In 2005, the elections allowed Junichiro Koizumi to take the government’s highest seat. Prior to landing the top seat, he was firmly against increasing the tax consumption rate, and he gained a lot of supporters along the way - leading to his massive victory in that year’s election. However, things took an 180 degree turn when he immediately lifted the ban on discussing the Consumption Tax right after he won. In essence, lifting the ban on discussing consumption taxes would mean that the policy making body has the right once again to increase the taxes. This allowed the predecessors of Koizumi to, later on, discuss increasing taxes, namely: Shinzo Abe, Yasuo Fukuda, and Taro Aso.

In 2009, the Democratic Party of Japan overturned the Liberal Democratic Party on the highest government seat. Under Yukio Hatoyama’s leadership, he led the promise to postpone increasing consumption taxes for another four years. However, his predecessor Naoto Kan rallied for an increase in consumption taxes, which was later on supported by the lower-house of the Japanese diet. Hence, a bill was passed which doubled the consumption taxes to 10%.

2014 - Present: Japanese Consumption Tax Now

Despite having the bill passed in 2012 to double taxes, it was harder to implement due to Japan’s fluctuating economic situation. Instead, by 2014, the consumption tax rate was raised to only 8$, with an impending increase to meet the 10% target tax rate by 2014. however,  as issues related to Japan’s economy continued to plague the nation, the target to raise the consumption tax rate by 2014 was never met.

Instead, the government postponed implementing the consumption tax rate of 10% to 2017, as a result of more looming financial issues encountered by the government. Come 2017, another postponement was announced prior to the target date of April 2017. The second announcement moved the consumption tax increase further to October 2019, with no current news whether it will be postponed further.

A Benefit for Foreigners: Japanese Consumption Tax Refund and Exemptions

By law, foreign nationals who are visiting Japan temporarily are considered as noncitizens, and therefore eligible for tax exemption. However, their exemption comes with specific kinds of conditions - particularly, the consumption tax exemption is limited only to common goods (or commodities) and other consumable items. These are classified as items that are deemed as basic living needs.

Of course, tourists usually take the opportunity to bring home Japanese goods. Given that, goods purchased but taken out of Japan are still subject to the exemption. However, there are certain conditions when exempting goods purchased by foreigners. Primarily, there is a minimum purchase limit, as well as a maximum limit on the amount purchased. It is important to note that, commodities and consumable items are tallied separately.

Those who are planning to hoard items from Japan must carefully note what kind of items they are allowed to purchase. For one, only consumer electronics, jewelry, watches, clothing, bags, and shoes are covered by the exemption. The law states that a non-Japanese citizen must be able to take out the goods purchased within 6 months, and the goods must amount to more than Yen 5,000 on a single store. Most important thing to note about tax exemptions is that a photocopy or picture of the passport is taken when the total amount purchased reaches Yen 1,000,000. This serves as a reminder for tourists to always bring his or her own passport while shopping.

On the other hand, consumable items include food, beverages, cosmetics, and cigarettes. However, there is a firm upper and lower limit for non-residents who are buying such goods: a foreigner must purchase more than Yen 5,000, and only up to Yen 500,000 at a single store, on the same day. These items must be taken out of Japan within 30 days, and most importantly, they must be kept unsealed prior to departing the country.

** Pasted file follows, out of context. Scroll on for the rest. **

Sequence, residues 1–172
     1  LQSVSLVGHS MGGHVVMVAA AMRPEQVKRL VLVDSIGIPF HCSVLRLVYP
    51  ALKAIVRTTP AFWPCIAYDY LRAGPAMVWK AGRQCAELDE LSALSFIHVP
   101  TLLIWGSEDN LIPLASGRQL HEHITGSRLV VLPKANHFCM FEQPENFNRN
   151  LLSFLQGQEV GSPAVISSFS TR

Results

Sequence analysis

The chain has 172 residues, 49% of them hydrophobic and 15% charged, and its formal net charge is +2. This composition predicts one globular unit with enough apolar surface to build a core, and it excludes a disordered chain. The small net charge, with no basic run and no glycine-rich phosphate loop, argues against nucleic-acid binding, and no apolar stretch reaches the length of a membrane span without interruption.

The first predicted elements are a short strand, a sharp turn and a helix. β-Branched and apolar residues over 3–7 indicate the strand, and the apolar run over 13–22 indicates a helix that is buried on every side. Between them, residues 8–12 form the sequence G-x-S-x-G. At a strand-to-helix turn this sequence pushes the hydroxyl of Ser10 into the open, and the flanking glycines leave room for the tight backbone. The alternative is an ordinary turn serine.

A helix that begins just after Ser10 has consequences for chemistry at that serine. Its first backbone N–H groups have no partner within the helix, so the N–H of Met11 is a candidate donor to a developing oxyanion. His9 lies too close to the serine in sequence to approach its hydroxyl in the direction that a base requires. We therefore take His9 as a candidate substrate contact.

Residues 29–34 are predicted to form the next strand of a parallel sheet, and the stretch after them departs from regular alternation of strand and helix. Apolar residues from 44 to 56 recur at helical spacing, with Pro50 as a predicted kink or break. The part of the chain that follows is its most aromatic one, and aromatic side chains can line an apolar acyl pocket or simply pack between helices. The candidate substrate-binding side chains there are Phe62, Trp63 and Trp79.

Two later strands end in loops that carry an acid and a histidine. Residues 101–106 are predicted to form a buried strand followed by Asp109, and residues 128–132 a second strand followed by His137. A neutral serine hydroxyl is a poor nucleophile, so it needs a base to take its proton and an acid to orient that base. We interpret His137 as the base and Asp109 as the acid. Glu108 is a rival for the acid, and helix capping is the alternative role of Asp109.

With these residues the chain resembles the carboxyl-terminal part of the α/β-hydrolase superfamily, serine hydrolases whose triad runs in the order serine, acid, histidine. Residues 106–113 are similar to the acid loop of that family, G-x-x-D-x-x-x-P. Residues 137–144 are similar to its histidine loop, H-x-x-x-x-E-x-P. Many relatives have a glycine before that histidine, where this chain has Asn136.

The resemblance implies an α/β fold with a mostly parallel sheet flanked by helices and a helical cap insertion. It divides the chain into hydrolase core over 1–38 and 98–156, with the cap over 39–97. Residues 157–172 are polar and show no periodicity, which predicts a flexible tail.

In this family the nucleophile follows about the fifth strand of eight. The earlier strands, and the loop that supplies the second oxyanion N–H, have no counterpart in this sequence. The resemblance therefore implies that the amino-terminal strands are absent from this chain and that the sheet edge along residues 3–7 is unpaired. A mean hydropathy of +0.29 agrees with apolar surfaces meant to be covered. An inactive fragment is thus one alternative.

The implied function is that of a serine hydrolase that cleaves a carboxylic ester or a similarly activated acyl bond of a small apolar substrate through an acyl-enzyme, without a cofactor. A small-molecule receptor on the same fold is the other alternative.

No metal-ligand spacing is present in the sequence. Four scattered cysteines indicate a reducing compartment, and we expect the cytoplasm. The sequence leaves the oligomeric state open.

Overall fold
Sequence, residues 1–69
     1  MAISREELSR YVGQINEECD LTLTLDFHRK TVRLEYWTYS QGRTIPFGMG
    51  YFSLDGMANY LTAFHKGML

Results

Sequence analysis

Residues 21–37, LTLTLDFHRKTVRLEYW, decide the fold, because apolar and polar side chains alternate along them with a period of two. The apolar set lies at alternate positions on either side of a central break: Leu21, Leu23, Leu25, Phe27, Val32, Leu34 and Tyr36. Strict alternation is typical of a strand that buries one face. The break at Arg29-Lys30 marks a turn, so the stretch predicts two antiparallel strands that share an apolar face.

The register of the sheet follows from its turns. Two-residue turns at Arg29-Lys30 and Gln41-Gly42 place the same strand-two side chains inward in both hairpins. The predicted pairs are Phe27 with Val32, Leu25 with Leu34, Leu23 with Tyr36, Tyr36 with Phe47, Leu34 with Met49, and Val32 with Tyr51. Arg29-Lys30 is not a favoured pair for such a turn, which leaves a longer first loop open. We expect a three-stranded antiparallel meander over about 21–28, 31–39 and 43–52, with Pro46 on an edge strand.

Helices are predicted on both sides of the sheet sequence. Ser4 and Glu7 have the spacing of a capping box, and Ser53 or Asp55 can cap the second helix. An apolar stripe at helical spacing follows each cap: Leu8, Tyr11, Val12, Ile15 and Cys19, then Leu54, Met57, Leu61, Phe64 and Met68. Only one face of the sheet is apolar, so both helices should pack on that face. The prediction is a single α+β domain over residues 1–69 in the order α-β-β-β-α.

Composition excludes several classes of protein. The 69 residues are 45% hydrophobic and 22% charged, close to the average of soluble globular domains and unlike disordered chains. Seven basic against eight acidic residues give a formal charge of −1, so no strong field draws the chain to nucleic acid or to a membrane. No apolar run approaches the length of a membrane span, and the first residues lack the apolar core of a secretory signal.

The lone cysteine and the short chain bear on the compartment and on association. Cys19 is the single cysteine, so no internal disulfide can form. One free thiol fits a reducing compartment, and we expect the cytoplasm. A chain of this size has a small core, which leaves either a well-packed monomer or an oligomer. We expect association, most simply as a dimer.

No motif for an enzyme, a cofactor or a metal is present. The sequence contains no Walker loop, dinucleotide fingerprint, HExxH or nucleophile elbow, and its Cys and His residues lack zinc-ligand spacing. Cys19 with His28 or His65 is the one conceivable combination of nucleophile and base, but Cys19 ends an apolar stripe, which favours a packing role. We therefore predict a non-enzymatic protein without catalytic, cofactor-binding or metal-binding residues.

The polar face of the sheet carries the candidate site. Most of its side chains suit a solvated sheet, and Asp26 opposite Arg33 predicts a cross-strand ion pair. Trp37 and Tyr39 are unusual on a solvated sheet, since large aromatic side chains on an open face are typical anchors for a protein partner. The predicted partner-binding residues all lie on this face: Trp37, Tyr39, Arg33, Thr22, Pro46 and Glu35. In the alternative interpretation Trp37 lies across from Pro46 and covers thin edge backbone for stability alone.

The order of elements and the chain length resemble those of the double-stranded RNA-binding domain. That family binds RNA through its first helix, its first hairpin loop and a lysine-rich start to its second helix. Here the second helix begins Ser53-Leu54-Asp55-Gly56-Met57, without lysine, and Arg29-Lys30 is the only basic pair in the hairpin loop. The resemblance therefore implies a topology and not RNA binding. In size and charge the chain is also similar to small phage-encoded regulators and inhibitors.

Foreigners who want to save money may visit tax-free shops, which as the name implies, offer tax exemption. There is a specific procedure, which is required for foreigners who wish to be tax exempt. It is important to note that tax exemption procedures must strictly be done on the day of the purchase, as stated by Japanese laws.Travelers may opt to get an exemption through two possible ways. 

When goods are purchased with consumption tax already lodged in, a frequent practice by Japanese retailers, the customer may opt to bring receipts and the credit card used to pay (if applicable) to a dedicated tax exemption service counter. Usually, the people in charge of these counters just make the buyer sign a couple of formal documents indicating submission and receipt of tax refund in the form of either cash or credited back to the credit card.

The scenario is similar, only expedited when purchasing from tax-free shops. There, the stores have already deducted the consumption tax from the total, hence the lowered price tags. It is, however, important to bring a passport as proof that the buyer is not a Japanese citizen. The paperwork required is still the same, and the documents signed must be submitted to the customs office dedicated to transmitting Records of Purchases, located at the departure areas of airports.

The document represents a pledge that the items purchased inside Japan will not be consumed before departure and that consumable items will be brought out of Japan within 30 days. This form is usually signed by foreigners after every transaction with a Japanese store.

Prior to traveling to Japan, it would be good to research the kinds of forms that tax exemption would require - this would ensure a smooth traveling and shopping experience. One must also note that English is not a common form of communication in Japan, and hence, it is really better to do prior research on tax exemption processes. The first form that shops usually as to sign is a Record of Purchase from the shop where the goods were purchased. This specific form is attached to the buyer’s passport and submitted to customs prior to departing Japan. It is important that this form must be kept at all times, because losing it may lead to the voiding of the tax exemption.

The last bit of information that tourists must know is where to find tax-free stores. Since these shops are licensed by the Japanese taxation office, they are legally allowed to sell items at a price without the 8% consumption tax. Usually, a quick Google search would provide a list of tax-free shops. However, they can easily be spotted as well which walking around - tourists must simply look for shops that show stickers or flags of "tax-free signs" with a seal of the Japan Tourism Agency.